since opal that needs repolishing is more than likely a ring or
bracelet stone that’s been abraded through wear. It has by
definition had a bit of a tough time of life or it wouldn’t be
scratched to begin with. That’s the exact reason it needs
repolishing. Had it not received rough wear, it wouldn’t need
repolishing. The other part of that is that when it needs
repolishing, obviously it’s because it’s cloudy and you can’t see
through that cloudiness. It seems very possible that there are
problems underneath that cloudiness that a person polishing wouldn’t
know about because you can’t see through it until it’s somewhat
better polished or unless you wet it. Of course then the water gets
into and fills the crack temporarily which is why you can see
through the clouds. Then when it dries again, the crack might
reappear but you can’t see though it again. Even a tiny crack could
cause a big problem. As all of us who have cut opal know, once a
crack begins somewhere, it will sooner rather than later extend
across the stone unless that part of the stone where the crack is is
removed. Actually one question has always kind of struck me and is a
little difficult to explain. Why is it when a small crack is removed
from a stone the rest of the stone tends to stay stable but when the
crack is left it seems to inevitably want to extend? The part of the
stone that remains uncracked, or uncrazed if you will, should not
seem to be affected by a crack that’s not reached there whether you
remove the crack of leave it. It’s possible that a weakness or
instability actually remains whether you’ve removed the crack or
not.

Incidentally, I believe it was Charles who made a distinction
between cracking and crazing. To me that’s a distinction without a
difference. I know it is semantically the same, dictionary-wise. At
least according to the Oxford English dictionary. I wonder what the
difference in stone speak would be.

Derek


#7

Hi all,

I am so glad that Christine has defended our good old opals. My
brother regularly mines on the Ridge, my husband-to- be cuts them
and I have set a few of them in silver.

I dont seem to have any problems setting them, even though im just a
beginer However, black opal is very different from other kinds of
opal. having spent a bit of time on the Ridge myself and having a few
miners as friends, I know a few tricks that they do just to sale bad
quality opals to the novice, hence the misconception regarding opal
quality.

But please dont underestimate the fire of Lightning Ridge, it is one
of the most beautiful stones I have seen. And seeing my brother in
the mines, I can honestly say that I have a much greater
appreciation for them.

Ps, wet pumice powder on a polishing disc can do wonders for the
scratches on the stone.

Take care


#8

Would like to ask your opinion… Regarding the opal thread -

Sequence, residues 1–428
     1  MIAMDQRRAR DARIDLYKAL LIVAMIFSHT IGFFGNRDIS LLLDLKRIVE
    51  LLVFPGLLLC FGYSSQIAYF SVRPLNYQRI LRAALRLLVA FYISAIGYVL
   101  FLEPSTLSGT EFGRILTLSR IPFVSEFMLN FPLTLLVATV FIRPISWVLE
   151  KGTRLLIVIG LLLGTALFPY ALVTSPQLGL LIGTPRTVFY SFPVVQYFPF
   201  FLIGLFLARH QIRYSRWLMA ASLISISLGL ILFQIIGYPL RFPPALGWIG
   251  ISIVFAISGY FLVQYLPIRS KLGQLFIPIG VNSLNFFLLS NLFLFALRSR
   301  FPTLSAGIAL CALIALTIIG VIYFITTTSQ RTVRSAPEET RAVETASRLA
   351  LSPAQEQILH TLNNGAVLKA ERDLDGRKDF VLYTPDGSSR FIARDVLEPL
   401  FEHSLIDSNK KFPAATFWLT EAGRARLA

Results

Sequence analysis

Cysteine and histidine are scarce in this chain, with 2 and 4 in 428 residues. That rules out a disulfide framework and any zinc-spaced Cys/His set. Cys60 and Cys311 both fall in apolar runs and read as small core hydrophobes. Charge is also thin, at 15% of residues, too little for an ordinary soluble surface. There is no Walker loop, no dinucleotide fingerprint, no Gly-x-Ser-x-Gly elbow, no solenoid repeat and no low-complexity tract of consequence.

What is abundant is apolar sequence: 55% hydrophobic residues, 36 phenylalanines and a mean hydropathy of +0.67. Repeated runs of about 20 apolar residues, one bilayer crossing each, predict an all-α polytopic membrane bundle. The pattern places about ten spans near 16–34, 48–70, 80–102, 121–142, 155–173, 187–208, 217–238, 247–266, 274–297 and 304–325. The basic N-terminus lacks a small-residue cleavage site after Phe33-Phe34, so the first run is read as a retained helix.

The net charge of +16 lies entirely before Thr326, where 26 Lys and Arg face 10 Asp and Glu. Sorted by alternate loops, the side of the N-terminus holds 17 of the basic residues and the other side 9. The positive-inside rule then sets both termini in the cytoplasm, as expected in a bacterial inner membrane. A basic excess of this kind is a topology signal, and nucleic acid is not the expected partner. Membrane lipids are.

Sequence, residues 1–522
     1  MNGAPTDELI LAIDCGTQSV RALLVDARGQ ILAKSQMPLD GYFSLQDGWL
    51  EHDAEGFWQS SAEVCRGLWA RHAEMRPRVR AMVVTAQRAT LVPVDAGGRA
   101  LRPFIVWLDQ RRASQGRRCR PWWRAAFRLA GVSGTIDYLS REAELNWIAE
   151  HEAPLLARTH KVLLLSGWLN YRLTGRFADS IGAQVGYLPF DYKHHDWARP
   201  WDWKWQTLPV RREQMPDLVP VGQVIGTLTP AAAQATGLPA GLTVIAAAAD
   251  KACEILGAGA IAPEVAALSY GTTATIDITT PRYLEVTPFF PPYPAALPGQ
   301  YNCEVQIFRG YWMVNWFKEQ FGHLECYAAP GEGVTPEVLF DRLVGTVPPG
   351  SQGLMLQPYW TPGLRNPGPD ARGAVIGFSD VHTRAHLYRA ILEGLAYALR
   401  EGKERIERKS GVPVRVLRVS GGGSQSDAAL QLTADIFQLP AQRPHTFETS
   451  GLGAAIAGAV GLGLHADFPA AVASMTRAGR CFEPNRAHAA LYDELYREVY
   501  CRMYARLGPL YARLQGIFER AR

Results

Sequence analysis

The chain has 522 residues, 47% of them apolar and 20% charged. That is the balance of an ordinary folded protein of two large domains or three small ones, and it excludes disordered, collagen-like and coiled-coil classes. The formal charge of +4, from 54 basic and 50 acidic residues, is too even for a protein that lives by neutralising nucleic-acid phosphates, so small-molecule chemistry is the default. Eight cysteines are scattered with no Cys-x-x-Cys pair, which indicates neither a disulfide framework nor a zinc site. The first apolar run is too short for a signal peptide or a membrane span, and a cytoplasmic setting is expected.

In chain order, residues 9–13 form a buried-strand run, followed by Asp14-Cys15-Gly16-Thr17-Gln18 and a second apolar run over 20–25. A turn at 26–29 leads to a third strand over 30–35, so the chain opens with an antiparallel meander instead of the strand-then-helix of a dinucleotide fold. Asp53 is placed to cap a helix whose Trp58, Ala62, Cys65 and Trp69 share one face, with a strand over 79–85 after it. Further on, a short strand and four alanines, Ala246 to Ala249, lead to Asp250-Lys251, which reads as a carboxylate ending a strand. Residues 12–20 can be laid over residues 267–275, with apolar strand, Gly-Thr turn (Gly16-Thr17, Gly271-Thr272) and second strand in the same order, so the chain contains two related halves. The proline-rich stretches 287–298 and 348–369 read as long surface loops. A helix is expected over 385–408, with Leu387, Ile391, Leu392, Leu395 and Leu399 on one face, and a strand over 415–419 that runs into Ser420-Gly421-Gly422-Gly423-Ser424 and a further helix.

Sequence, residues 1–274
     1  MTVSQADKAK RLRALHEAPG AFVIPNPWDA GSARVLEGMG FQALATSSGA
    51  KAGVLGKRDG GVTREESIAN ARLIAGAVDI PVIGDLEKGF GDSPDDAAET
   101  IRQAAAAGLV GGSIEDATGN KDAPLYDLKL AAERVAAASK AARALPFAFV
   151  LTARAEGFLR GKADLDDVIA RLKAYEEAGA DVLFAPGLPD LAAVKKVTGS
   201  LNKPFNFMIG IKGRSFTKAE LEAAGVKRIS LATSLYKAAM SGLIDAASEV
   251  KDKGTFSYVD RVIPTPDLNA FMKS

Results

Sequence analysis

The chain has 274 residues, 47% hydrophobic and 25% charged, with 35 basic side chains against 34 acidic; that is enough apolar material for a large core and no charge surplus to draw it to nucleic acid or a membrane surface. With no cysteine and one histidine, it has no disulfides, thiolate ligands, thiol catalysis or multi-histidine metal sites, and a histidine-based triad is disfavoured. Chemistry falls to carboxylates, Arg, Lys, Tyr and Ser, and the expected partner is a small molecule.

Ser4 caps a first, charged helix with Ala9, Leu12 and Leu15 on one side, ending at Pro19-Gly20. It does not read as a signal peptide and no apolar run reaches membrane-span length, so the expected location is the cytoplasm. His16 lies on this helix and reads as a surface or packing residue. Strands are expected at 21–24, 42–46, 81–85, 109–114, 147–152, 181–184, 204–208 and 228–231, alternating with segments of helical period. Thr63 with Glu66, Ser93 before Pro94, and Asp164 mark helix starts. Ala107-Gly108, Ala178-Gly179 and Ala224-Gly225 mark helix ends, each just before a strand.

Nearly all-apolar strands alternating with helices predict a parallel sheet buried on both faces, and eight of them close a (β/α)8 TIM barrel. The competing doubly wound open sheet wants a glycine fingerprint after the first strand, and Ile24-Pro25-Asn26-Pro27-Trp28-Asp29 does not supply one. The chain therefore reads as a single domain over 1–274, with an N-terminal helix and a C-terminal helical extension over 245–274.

I received a ring as a gift about 10 years ago. It was made by a
local artisan. I was told that the center stone is a triplet - a
round opal sandwiched between a lower layer of black onyx, and the
top layer being clear quartz.

My question is, will the quartz layer prevent fissures or cracks
from occurring inside the opal, or will it merely provide some
protection against abrasion?

I also admit that although the quartz layer has become abraded, I am
hesitant to have it polished, as I am not sure if this might heat up
the opal or damage it.

Any opinions shared would be welcome.
Sincerely,
Mary Beth


#9

Mary Beth,

An Opal Triplet is created because the Opal is generally to thin and
delicate to be used as a gemstone on its own.

The Onyx back and clear Quartz top are glued to the Opal to give it
strength and durability. This does not mean it makes the Gemstones
indestructible.

An Opal triplet should be taken care of the way a solid Opal would
be. Avoid harsh household cleaners, extreme heat and cold as well as
sharp blows.

If the Opal doesn’t have cracks or crazing now it most likely will
not develop them unless the stone is subjected to the harsh
treatments I mentioned above.

As for repolishing the Quartz top of a Triplet, yes it can be done
but you should have a professional lapidary do this job. If the stone
is not kept cool the Opal can craze or crack and the glue can become
compromised.

Greg DeMark
greg@demarkjewelry.com
http://www.demarkjewelry.com
http://www.outdrs.net/~demark


#10
    My question is, will the quartz layer prevent fissures or
cracks from occurring inside the opal, or will it merely provide
some protection against abrasion? 

Hi Mary. You probably know this but, for the most part, opal
triplets are constructed for precious opal that is too thin to be a
durable solid opal, usually the type where there is a thin seam of
color that wouldn’t be thick and durable enough by itself. That
being said, yes, the quartz layer, along with the backing (be it
onyx/chalcedony, jade, etc.) AND the glue/epoxy/binding agent can
all act together to help protect the thin opal layer inside from
cracking/crazing/chipping/breaking and, as you mentioned, abrasion.

I’m not saying it will prevent any of the above, only that it can
help prevent them. Also, please note in the second sentence, I said
"for the most part." There are other reasons to make triplets from
opal. And I’ll never take a position as to whether "all opals crack"
or not. Every opal on the planet (except for the lab-createds) is
millennia in the making; I don’t think I’ll be around long enough to
really know. I feel much more like a curator or custodian than an